Admirers of Annie Baker's Circle Mirror Transformation, which played last season at the Studio Theatre,
where it enjoyed an extended run, and later at Pittsburgh Public Theater, have a chance to see the first in the fictional
"Shirley, VT Trilogy," Body Awareness, now running at the Wilma Theater (to 2/5). A nominee for the New York Drama Desk and Outer Critics Circle Awards, the play challenges us all to gaze
at the body, and by implication the mind, "and really look at art in a new way." In a most modern riff on
domesticity, Ms. Baker explores relationship dynamics in a household shared by two women, one emotionally challenged son,
and, for a brief time a photographer, an outsider, for a little sexual conflict. If the set-up sounds a tad like The
Kid is [sic] Alright, well the play hit the boards in 2008, while the similarly named movie arrived a couple of years
Anne Kauffman, who directs Body Awareness, received
a 2010 Barrymore Award for her work on Becky Shaw; it was selected as Outstanding Overall Production of a Play as well, for a total of 6 awards. (DC-area viewers will
remember Ms. Kauffman from Woolly Mammoth's production of Stunning a few years back, another of her projects
I was lucky to catch.) She is joined again by set designer Mimi Lien, who also brought home a Barrymore, and the lighting
design of Thom Weaver. Costumer Rosemarie McKelvey and the sound of Rob Kaplowitz will complete the picture. The talented
cast includes Grace Gonglewski, a 4-time Barrymore Award winner (Phyllis), Mary Martello (Joyce), Dustin Ingram (Jared), and
Christopher Coucill (Frank).
character-driven style of comedy is broadly ironic, ranging from cluelessness to parody. Are the characters stereotypes
or send-ups? Or are they us? Phyllis and Joyce's skirmish over the best way to handle the 21 year-old Jared's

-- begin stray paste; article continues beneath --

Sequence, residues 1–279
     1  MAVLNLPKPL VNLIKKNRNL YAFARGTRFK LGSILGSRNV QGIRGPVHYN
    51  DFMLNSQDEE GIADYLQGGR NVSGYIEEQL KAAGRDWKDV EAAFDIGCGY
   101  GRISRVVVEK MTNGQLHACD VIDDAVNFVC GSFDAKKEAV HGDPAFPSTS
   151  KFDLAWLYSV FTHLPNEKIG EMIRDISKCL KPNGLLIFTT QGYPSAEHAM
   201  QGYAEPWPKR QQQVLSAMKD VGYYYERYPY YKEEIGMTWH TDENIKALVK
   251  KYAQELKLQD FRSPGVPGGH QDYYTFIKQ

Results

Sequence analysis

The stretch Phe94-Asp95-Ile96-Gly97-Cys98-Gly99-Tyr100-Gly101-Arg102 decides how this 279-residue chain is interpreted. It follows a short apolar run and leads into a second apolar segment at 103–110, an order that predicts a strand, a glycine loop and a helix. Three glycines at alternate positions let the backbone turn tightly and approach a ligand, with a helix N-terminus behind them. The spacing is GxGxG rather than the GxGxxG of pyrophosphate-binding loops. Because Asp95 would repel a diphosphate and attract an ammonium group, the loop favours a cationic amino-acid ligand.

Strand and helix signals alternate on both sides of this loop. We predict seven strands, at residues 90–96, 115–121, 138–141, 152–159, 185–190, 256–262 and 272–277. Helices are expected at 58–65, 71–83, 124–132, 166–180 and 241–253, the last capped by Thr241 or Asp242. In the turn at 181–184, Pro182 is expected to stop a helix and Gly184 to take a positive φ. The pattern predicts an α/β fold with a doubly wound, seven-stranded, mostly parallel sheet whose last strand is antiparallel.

increasingly obvious disorder (or is he just acting out partly for attention?) - somewhere along the continuum of autism
it appears - opens up fault lines in their relationship. When freewheeling Frank arrives - the ultimate in New Age artistic
distance (or is it connection?) - each of the characters seems ready for implosion. What looks at first blush to be
a politically correct dispute over values, education, and parental control subtly shifts to matters of identity, consciousness,
and human fulfillment. The artist-model dialectic comes under especial scrutiny: a whole lot of jockeying
for advantage precedes the act of creation, one that looks mutual, but is actually guided. Quicker than you can say
cheese, the playwright frames the people and issues, capturing a moment in time, eternally. When the people are ready,
the artist will appear.
Ms. Kauffman's honest production rings true, with scarcely a false note sounded over 100 leisurely minutes, played
without intermission. Throughout the arch comedy, Body Awareness has a satisfying vagueness of great
art, creating a tension born of mystery and incompleteness searching for resolution. Like the unfinished figures in
Michelangelo's sculpture, the characters struggle to break out of their molds, requiring the viewer to participate in
the process of filling in the gaps - both in knowledge and empathy. (The characters arrive with virtually no back stories:
We know a little about Phyllis and Joyce, though next to nothing about Jared and Frank.) Ms. Gonglewski is a delight
as high strung psychologist-cum-radical feminist. To see her oscillate between her public (self-conscious and deprecating)
and private (strident and opinionated) personae is one of the many pleasures of the show. Another is the performance
of Mr. Ingram as Jared who captures every verbal and physical quirk his highly idiosyncratic character suggests.
Ms. Martello, whose nurturing character absorbs large emotional body blows to keep her family afloat, and Mr. Coucill, who
exhibits a healing wisdom, complete this fine ensemble cast, supportive of the production - one an earth mother, the other
a teacher - and each other. In fact, seeing Ms. Baker's work again, suggests a Jungian structure to her world, replete
with archetypes, duality, acceptance, and fantasy. By the close of the affecting final scene, we'll all have reached some
higher level of understanding, and hopefully, communication.
Ms. Lien's open, tripartite staging - school, kitchen, bedroom - evokes the mood of the play where separate but
distinct voices vie for understanding, combining nicely with the subliminal, surround sound of Mr. Kaplowitz, and Mr. Weaver's
tracking shot lighting. Ms. McKelvey's costumes add pop to the somewhat faded interior landscape.
Body Awareness is the best play I've seen in a few months, a "Wow"
production in my book, and sure to make my Top 10 for `12. If this show is pushed off the list, it will have
been a very good year in theater for me, indeed.
4½ hands, Highly recommended. Photo credit: Alexander Iziliaev
© John F. Glass, January
31 & February2, 2012